Edgar Nelson Transeau

Edgar N. Transeau
Born: Williamsport, PA 10/21/1875; died 1/25/1960
Education: Franklin and Marshall Coll. (A.B. 1897); Chicago (1900-01, no degree); Michigan (Ph.D. 1904)
Dissertation title: The bog vegetation of the Huron River Valley (Bot. Gaz. 40:351-375, 418-448; 41:17-42)
Adviser: F. C. Newcombe (see comments)
Comments: Although Newcombe was his official adviser, Transeau’s own writings make it clear that he went to Michigan primarily for financial reasons and that his main ecological mentor was H. C. Cowles. His comments on his graduate school experience may offer some consolation to modern students who think their advisers don’t understand them:
On August 1, I accepted the Ferry Fellowship at the University of Michigan at $500, and resigned from Colorado Springs High School. Went to Ann Arbor, Michigan, about September 15 and entered upon the study of bogs and bog plants under Professor V. M. Spalding. Bogs abundant, but ideas scarce. Spalding was taken ill in November and went to Tucson, Arizona, — never saw him again… Fellowship was renewed the following year and I continued to work under my own direction until May 1904.
Prof. Newcombe, the acting head of the department, came to me on May 1 and suggested that we go down to Detroit and see my sponsor, Mr. D. M. Ferry, the Seedsman, to have the Fellowship renewed for another year. I told him I was not interested in having another year at Ann Arbor, but wanted my degree in June. He said that he did not think I had any material for a thesis. I telegraphed immediately to Cowles, and Cowles said I could have my degree at Chicago in the Summer Quarter, if I would come there. So I told Mr. Newcombe that I would either get the degree in June at Ann Arbor, or at Chicago in September. He said that I would have to hand in my thesis by the 10th of May. I handed in a 200 page typewritten thesis on that day by working 18 hours a day. It was accepted, I passed my examination, and I got my degree, Ph.D., in June 1904. During the two years at Ann Arbor I had never discussed my problems with Newcombe at any time, and he said he was surprised at the contents of the thesis. Since I was Spalding’s student he could have nothing to do with me. That was the code at Ann Arbor.” (from unpublished autobiographical notes)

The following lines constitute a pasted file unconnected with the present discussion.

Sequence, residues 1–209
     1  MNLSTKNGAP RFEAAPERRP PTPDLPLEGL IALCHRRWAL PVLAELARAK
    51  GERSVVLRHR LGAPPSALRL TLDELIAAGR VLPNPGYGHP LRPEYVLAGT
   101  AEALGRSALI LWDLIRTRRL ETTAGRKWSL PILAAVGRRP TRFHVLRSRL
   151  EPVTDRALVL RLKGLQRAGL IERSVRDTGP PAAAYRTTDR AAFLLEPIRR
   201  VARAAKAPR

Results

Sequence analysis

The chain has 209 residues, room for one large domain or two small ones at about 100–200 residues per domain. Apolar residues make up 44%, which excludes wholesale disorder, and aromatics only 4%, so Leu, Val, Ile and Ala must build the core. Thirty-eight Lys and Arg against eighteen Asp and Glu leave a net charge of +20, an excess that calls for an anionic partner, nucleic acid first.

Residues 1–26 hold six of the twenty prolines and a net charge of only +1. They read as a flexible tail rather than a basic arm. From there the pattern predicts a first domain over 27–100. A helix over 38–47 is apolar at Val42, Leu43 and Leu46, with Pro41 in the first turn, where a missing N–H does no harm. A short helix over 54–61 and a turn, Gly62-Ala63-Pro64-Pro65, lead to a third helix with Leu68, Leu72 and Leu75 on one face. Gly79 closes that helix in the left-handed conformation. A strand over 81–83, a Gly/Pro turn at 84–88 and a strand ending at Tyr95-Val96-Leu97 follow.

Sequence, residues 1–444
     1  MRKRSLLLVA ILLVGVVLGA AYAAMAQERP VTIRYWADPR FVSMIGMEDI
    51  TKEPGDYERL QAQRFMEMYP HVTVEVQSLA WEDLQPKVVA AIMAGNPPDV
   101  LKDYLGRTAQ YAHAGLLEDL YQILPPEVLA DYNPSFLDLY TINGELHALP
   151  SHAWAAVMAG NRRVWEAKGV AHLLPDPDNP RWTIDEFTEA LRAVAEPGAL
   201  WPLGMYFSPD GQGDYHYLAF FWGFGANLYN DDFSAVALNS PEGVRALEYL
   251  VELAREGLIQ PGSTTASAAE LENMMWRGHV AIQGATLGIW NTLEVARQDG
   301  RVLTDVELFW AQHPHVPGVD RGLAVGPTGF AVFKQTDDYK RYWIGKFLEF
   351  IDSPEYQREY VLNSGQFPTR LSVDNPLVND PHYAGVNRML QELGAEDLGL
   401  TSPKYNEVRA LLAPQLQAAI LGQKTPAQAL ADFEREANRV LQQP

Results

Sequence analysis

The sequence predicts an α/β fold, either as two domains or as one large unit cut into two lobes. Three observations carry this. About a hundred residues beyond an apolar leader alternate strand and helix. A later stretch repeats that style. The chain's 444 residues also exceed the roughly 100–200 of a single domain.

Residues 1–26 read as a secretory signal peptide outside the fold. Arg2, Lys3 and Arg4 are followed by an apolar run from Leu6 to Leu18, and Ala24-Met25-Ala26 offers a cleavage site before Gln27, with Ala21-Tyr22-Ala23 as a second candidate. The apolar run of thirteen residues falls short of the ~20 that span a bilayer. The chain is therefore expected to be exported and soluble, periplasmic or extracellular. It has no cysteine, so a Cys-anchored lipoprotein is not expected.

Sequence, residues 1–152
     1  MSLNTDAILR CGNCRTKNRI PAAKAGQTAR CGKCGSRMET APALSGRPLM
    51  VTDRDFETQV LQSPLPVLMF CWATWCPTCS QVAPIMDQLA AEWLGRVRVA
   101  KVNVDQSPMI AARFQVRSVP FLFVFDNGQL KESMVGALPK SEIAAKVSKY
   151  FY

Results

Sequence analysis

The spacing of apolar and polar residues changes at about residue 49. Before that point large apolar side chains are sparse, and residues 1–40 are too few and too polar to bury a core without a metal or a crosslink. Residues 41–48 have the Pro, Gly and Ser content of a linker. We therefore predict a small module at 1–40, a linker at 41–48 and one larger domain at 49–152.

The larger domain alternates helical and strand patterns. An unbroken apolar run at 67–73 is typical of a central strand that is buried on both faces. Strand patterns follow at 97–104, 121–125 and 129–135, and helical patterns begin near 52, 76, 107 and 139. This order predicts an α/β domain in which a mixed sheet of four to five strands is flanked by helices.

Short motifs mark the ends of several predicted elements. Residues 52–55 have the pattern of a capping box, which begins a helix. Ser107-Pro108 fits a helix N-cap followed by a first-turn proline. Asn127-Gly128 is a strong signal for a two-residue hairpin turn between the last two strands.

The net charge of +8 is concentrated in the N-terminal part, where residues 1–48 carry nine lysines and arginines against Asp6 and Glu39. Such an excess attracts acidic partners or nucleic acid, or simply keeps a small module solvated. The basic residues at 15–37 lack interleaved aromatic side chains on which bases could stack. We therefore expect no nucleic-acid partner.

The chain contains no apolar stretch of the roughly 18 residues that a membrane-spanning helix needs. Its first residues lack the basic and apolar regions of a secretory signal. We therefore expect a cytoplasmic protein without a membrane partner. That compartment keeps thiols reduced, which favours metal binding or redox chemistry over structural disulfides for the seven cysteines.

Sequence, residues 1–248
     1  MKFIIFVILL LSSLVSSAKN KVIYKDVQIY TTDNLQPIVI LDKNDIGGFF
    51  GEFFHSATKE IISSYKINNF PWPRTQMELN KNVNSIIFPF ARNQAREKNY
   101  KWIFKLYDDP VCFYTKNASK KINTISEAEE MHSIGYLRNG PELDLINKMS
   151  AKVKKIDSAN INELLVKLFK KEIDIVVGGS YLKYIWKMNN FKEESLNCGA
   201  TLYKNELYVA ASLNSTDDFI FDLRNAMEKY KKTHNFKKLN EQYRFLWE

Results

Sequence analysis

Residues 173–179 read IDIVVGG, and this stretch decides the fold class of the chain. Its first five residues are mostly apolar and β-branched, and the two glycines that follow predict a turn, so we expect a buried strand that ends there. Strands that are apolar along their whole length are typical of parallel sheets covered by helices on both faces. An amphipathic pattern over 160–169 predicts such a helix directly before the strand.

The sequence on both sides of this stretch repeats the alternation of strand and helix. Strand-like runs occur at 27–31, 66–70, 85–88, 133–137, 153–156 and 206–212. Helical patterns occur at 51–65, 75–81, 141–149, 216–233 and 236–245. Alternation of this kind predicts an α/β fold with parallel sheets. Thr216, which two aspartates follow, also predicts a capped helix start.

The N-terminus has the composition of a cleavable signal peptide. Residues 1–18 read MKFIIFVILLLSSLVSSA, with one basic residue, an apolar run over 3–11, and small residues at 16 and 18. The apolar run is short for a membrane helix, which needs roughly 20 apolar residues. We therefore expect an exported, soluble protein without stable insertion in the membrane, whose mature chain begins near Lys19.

Teaching history: Alma Coll. (Mich.) 1904-06; Eastern Ill. State Teachers Coll. 1907-15; Ohio State 1915-46.
Ph.D. students: Glenn W. Blaydes, Paul J. Kramer, Lewis H. Tiffany, John Wolfe
Others influenced: W. S. Cooper (undergraduate), Homer C. Sampson, Paul B. Sears, Royal Shanks (M.S.), Aaron J. Sharp
ESA offices and honors: Vice President 1921; President 1924
ESA links: Resolution of Respect
Archived Papers: A photo listed in Thomas L. Hankinson Papers at University of Michigan archives
External links: Smith bios